It is important for perfectionists to realize they don’t have to stay stuck and unhappy.
MELBOURNE, Australia –
(PRWEB) November 05, 2015 -- For some people, “good” is never good enough—you either know one of these people or you are one. To want to be better is human, but perfectionism may be detrimental to our mental health, according to psychologist and author Honor Jane Newman.
In her new book, “Killing the Perfectionist Within,” Newman discusses a variety of topics perfectionism affects, including parenting, social anxiety, and romantic relationships.
The book is not only based on Newman’s extensive experience in counseling others who deal with these issues, but also her own experience with depression, anxiety and the early stages of Chronic Fatigue Syndrome.
“Perfectionism is so common, but is not discussed out in the open the way other conditions are,” said Newman. “It is important for perfectionists to realize they don’t have to stay stuck and unhappy.”
The practical guide is an ideal tool for people struggling to live a joyful life due to their struggles with perfectionism, for their family and friends to better understand these issues and for psychologists to share with their patients as a recommended read.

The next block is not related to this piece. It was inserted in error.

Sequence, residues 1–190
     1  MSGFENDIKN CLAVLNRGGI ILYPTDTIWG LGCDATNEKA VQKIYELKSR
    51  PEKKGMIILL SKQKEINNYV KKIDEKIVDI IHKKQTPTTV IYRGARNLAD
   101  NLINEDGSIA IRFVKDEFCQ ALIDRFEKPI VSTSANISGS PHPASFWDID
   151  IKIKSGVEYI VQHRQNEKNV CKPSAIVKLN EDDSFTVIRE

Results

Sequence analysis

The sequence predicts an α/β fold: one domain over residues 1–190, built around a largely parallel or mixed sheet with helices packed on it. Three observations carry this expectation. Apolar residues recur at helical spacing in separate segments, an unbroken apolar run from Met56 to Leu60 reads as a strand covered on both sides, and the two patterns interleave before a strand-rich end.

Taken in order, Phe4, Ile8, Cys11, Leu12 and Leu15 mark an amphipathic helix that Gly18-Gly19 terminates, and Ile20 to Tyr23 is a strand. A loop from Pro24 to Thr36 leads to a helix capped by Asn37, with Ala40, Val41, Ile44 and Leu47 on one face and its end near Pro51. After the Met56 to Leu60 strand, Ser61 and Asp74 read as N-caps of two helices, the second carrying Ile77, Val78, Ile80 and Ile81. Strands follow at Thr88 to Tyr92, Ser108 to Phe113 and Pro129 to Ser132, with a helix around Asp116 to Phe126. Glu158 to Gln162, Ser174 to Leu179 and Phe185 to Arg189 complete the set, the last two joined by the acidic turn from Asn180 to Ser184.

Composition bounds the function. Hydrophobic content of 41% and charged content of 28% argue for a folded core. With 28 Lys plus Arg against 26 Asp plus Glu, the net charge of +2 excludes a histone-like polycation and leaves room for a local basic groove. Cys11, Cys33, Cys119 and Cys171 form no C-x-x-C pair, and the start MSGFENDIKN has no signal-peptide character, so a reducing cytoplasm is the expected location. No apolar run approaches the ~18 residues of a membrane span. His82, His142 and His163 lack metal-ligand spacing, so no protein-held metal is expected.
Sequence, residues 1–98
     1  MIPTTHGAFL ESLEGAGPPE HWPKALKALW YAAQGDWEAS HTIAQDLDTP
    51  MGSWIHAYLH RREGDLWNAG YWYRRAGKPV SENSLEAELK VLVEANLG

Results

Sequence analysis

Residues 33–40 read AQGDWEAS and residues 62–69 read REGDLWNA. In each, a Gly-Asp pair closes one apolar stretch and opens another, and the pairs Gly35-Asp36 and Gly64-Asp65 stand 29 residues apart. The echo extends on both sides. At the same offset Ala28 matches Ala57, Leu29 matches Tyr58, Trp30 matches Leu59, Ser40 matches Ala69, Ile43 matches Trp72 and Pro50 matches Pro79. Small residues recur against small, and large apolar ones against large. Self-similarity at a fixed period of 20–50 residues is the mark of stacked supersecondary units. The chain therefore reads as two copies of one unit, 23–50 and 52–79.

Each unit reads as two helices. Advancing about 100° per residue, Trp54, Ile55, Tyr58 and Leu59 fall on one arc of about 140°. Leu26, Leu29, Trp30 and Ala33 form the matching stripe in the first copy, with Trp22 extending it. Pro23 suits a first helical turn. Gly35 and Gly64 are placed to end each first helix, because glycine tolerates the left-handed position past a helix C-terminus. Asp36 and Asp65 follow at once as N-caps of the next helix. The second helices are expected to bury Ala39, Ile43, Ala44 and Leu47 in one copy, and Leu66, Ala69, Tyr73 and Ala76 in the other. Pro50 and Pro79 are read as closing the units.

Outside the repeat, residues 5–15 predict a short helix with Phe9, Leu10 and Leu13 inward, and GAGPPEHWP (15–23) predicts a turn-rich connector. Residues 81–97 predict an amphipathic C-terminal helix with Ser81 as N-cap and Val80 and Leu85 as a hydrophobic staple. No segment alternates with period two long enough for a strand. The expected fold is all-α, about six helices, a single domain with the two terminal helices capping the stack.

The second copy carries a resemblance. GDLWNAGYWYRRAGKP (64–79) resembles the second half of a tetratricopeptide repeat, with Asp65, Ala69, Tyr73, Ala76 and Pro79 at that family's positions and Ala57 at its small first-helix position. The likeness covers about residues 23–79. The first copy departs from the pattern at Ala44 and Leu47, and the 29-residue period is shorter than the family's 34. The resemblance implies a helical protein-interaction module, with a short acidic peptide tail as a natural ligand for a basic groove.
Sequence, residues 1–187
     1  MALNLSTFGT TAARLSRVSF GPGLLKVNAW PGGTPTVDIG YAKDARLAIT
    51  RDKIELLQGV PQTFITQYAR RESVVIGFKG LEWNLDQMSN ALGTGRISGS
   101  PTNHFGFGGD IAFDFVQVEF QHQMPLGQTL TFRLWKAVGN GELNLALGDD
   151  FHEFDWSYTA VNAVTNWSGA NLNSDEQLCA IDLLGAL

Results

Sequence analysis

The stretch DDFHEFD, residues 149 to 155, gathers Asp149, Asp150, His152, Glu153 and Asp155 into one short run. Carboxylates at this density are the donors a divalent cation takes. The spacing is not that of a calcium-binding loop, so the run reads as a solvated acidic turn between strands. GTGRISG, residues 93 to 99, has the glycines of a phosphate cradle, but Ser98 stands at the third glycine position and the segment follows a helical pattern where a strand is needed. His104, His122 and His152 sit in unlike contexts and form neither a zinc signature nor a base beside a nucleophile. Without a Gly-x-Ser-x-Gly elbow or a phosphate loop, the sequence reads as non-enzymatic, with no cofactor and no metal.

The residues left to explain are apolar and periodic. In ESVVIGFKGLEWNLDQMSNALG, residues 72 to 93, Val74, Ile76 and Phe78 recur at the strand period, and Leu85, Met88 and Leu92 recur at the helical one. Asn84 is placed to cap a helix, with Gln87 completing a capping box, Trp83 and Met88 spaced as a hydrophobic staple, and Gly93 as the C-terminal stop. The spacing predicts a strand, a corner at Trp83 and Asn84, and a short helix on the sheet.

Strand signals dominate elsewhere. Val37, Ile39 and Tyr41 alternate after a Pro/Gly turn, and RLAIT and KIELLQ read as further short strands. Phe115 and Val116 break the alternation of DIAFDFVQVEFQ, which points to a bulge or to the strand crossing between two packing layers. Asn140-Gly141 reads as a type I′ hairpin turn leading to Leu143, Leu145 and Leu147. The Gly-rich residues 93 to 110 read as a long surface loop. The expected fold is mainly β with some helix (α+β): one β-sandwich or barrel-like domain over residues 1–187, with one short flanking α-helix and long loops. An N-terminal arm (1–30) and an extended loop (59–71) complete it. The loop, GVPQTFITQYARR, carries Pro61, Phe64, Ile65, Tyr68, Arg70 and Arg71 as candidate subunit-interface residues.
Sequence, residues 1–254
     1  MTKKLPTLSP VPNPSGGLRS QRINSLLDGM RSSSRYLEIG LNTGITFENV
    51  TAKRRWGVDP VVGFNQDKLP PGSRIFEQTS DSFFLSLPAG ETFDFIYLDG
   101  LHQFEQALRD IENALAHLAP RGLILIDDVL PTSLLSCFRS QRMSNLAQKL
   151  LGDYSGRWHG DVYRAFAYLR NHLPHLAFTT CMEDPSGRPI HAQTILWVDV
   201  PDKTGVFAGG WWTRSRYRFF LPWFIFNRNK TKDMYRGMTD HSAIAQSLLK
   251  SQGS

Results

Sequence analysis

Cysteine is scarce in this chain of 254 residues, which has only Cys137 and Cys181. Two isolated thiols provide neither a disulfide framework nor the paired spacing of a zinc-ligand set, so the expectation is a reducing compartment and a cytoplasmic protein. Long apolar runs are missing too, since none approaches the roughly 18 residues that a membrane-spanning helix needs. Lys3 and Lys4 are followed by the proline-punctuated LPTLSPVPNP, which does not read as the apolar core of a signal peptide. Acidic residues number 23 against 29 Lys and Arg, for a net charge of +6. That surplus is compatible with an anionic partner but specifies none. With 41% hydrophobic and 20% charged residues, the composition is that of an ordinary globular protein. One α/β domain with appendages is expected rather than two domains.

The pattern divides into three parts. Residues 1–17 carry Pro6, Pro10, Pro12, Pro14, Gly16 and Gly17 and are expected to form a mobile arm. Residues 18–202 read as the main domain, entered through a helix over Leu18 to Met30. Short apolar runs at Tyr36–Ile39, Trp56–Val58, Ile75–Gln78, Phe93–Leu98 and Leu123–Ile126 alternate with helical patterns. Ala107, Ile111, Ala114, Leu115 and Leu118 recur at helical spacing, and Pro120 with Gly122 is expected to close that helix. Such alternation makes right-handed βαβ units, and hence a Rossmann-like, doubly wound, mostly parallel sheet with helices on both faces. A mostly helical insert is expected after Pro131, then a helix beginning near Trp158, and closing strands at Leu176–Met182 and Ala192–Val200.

For more information, visit KillingthePerfectionistWithin.com or HonorNewman.com.
Interact with Honor at Facebook.com/UniquelyFemininePsychology and on Twitter at @HonorJane1.
Killing the Perfectionist Within: A Self-Help Guide for Women Suffering from Perfectionism, Anxiety and Chronic Fatigue Syndrome
By Honor Jane Newman
Available in softcover and e-book
Available on Amazon, Barnes & Noble and Balboa Press
About the author
Honor Jane Newman has a master’s degree in psychology and specializes in helping women who deal with perfectionism, anxiety and Chronic Fatigue Syndrome. She lives in Melbourne, Australia, with her husband, two children and their pets.
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